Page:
Optimus Prime is well served by the episode, leading the Autobots in their attempt to rescue Breakdown for the greater good — not because “freedom is the right of all sentient beings,” but because no good would come from MECH getting their hands on Cybertronian bio-technology. He’s not well served in the action department, but rather as the wise leader of the Autobots; when Bulkhead, Breakdown’s arch-rival, decides to stay behind because he couldn’t deal with rescuing that psychopath, Optimus wisely agrees with the decision. Unfortunately, Miko, whose capacity to never learn from her experiences is rivaled only by Transformers Animated‘s Bumblebee, gets it into Bulkhead’s mind that if he doesn’t rescue Breakdown there’ll be no chance for a rematch. This does lead to an awesome scene of the two rivals battling MECH forces back-to-back, but it does further my disgust for that thrill-seeking little brat. I’m honestly astonished that she didn’t tag along. Consider: her logic here is the exact same logic that Bumblebee used on Megatron to try and get the formula to save Optimus Prime from the Cybonic Plague in episode 13, the “if you don’t save him from this, you can’t kill him later yourself” argument. This is the argument that a teenage girl presented to a Heroic Autobot to send him into action. I really hate that girl.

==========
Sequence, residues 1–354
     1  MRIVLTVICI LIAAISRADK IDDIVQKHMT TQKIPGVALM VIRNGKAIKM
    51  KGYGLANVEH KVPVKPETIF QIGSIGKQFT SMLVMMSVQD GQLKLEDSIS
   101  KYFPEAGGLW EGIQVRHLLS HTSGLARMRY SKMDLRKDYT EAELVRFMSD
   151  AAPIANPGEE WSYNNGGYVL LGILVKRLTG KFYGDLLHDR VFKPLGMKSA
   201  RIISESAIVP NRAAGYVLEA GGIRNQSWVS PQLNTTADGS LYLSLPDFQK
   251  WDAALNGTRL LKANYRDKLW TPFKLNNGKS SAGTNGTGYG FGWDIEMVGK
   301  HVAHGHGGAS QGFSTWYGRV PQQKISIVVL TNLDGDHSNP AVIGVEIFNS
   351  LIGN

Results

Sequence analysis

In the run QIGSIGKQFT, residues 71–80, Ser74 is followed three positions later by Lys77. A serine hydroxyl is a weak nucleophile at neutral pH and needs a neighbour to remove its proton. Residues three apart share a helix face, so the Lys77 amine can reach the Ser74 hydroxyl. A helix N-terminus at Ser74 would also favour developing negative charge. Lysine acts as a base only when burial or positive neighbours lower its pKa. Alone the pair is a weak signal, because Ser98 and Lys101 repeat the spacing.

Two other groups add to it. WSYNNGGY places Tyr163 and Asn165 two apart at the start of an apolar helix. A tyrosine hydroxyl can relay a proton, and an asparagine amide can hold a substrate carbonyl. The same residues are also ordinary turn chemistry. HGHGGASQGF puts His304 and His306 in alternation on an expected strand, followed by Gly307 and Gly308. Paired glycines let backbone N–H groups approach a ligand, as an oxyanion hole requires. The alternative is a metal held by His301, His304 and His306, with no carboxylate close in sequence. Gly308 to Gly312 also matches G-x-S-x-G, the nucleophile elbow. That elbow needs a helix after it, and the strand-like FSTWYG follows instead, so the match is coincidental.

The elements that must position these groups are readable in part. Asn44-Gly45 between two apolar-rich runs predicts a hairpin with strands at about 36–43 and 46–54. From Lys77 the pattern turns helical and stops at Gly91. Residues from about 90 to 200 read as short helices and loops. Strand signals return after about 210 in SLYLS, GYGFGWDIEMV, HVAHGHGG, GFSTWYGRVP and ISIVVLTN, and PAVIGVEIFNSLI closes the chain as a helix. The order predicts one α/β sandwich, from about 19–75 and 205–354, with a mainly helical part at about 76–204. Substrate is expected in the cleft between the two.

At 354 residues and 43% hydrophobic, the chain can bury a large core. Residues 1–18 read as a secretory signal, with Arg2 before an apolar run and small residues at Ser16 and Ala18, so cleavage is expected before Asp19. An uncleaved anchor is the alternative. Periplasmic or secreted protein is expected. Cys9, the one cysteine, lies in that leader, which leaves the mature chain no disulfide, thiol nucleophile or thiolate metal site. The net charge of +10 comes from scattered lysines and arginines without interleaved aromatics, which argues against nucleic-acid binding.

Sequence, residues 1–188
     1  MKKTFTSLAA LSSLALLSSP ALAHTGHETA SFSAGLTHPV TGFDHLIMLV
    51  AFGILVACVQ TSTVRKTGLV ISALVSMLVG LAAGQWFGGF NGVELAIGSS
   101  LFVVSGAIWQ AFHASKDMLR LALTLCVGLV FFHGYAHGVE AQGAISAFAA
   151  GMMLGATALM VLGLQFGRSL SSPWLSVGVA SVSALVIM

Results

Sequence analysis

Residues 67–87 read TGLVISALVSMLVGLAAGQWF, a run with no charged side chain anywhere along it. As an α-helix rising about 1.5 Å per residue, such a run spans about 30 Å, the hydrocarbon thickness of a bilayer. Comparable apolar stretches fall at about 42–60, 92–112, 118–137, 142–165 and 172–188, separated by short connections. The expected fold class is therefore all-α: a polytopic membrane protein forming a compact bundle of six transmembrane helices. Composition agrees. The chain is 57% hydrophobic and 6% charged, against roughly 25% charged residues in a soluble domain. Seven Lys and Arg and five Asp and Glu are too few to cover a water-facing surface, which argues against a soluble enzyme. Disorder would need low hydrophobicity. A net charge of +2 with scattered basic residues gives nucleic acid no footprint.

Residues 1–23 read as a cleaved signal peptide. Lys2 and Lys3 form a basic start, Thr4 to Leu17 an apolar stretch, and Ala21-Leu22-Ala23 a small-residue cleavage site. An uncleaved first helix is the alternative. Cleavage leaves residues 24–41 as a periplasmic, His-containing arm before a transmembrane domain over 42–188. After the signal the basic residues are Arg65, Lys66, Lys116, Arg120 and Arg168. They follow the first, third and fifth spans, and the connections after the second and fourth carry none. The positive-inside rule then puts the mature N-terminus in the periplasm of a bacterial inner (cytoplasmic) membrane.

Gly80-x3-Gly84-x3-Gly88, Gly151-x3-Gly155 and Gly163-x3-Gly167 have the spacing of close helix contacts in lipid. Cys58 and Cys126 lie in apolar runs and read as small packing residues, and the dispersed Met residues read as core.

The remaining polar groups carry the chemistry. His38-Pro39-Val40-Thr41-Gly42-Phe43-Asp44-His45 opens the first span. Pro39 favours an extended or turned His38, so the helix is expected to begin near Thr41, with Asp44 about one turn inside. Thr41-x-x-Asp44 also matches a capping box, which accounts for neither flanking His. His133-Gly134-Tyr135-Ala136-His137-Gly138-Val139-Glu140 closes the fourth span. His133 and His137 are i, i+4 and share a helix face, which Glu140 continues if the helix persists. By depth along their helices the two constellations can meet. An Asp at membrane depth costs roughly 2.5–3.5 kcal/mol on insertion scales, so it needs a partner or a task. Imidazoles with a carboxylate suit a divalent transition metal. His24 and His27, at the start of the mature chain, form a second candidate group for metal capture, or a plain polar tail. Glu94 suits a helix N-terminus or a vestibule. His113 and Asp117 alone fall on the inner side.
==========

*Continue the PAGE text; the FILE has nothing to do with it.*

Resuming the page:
Thankfully, that didn’t ruin the episode for me; the action throughout is exciting and well-staged, the threat to Breakdown — all manner of pointy dissecty things looming over him — is handled ominously, and you’ve got Clancy Brown as MECH’s frontman Silas; his smooth, evil tones are always welcome. And the running subplot of Starscream moving pieces into place for his next bid for leadership keeps things interesting; he’s really got Breakdown over a barrel here. I really liked how it took some angry prodding from Starscream to get Breakdown to turn on Bulkhead; that was a standout moment, given the way Bulkhead’s talked about Breakdown in the past. Optimus Prime may have been right; it may yet be possible for a Decepticon to change his stripes. An overall great episode only marred by the presence of the teenage thrill junkie. Given who’s coming back next week, I’m hoping that won’t be a problem next time.